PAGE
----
There must have been bunk beds galore to house so many people in the one-story wood-frame home at 128 East Fulton Street — a property that also contained the Antonio Curcio Junk Yard out back, where Peter worked for Mamie’s father.

The Laurence family of Gloversville, Fulton Co., N.Y. in 1911. My great-grandparents Peter and Mamie (Curcio) Laurence and sons Antonio W., 9, in front of Peter and Joseph B., 8, in front of Mamie. Antonio is my maternal grandfather, looking dapper next to his younger brother in a sailor-style outfit. Scan by Molly Charboneau/Charboneau-Laurence Family Collection

A crowded household

New York State and federal census enumerations for the early years of my great-grandparents marriage shed light not only their lives — but also on what must have been a common immigrant experience in the early 1900s.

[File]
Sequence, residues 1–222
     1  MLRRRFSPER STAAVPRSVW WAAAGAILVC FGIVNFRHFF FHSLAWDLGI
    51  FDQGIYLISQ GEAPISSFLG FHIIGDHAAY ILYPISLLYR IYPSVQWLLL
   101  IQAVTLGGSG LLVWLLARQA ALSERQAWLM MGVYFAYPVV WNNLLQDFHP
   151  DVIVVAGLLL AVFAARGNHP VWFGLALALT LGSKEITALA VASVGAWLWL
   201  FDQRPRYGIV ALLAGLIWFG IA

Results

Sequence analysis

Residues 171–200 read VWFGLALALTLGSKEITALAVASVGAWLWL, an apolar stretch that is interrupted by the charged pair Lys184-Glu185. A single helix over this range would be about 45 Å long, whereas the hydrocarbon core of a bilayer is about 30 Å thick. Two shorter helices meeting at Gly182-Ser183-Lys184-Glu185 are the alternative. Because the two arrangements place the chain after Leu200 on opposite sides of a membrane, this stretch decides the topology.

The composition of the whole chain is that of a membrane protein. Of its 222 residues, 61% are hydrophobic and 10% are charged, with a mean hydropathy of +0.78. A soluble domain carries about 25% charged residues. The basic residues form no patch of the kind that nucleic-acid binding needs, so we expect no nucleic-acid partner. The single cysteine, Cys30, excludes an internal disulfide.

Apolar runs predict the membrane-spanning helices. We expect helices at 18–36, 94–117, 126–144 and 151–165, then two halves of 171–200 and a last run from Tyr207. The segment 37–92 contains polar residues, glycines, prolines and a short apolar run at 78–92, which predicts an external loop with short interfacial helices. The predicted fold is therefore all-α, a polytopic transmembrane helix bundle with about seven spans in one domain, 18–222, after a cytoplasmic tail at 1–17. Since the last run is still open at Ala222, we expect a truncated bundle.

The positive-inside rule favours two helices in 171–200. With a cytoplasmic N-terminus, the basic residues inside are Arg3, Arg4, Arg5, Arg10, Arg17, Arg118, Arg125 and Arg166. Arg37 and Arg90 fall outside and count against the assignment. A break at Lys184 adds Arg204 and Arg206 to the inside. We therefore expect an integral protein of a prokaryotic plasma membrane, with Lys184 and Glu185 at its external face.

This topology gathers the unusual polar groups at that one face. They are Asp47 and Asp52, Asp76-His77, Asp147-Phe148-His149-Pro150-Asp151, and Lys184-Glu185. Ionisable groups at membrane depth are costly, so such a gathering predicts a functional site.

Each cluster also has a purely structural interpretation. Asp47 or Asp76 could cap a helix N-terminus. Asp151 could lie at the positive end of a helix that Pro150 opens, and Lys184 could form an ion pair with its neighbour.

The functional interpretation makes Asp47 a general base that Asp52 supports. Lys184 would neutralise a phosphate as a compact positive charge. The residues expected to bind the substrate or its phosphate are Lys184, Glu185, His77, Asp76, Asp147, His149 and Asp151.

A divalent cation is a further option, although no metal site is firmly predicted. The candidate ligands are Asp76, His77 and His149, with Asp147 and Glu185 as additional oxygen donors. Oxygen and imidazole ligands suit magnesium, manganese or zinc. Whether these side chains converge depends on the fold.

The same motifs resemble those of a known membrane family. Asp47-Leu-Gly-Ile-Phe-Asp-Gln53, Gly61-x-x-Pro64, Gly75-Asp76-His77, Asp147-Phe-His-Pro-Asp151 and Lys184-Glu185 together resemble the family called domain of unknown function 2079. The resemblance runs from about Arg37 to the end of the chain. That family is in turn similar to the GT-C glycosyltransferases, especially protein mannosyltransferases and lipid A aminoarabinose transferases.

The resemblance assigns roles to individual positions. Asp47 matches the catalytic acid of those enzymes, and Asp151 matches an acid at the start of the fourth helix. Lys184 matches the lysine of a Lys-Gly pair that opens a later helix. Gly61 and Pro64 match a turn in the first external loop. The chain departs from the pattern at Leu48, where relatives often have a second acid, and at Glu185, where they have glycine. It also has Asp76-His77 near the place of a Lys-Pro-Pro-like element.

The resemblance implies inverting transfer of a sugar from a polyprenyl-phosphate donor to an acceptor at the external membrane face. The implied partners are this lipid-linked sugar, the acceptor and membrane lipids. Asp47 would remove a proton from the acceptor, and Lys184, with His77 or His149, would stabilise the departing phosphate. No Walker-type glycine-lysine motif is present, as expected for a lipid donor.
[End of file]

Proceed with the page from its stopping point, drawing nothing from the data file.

Living together in a multi-generation home, as the Laurence family did in the Curcio household, allowed for the pooling of resources, housekeeping and childcare — and even the operation of a family business — until the Curcio children were ready to set up their own households.

And even then, the Laurence’s didn’t move far. The 12 Wells Street address below is right around the corner from 128 East Fulton St.

Laurence, Curcio and Del Negro Families in Gloversville, Fulton County, N.Y. Censuses – 1900-1920 – Sources: FamlySearch and Ancestry
Census Year Address Laurence Curcio Del Negro
US 1900 128 E. Fulton Street Antonio Antoinette and 8 children Michael Mary and 2 children
NYS 1905 128 E. Fulton Street Peter, Mamie, Antonio, Joseph Antonio Antoinette and 8 children Michael Mary and 4 children
US 1910 128 E. Fulton Street Peter, Mamie, Antonio, Joseph Antonio, Antoinette and 7 children Michael Mary and 7 children
NYS 1915 128 E. Fulton Street Peter, Mary, Antonio, Joseph Antonio Antoinette and 6 children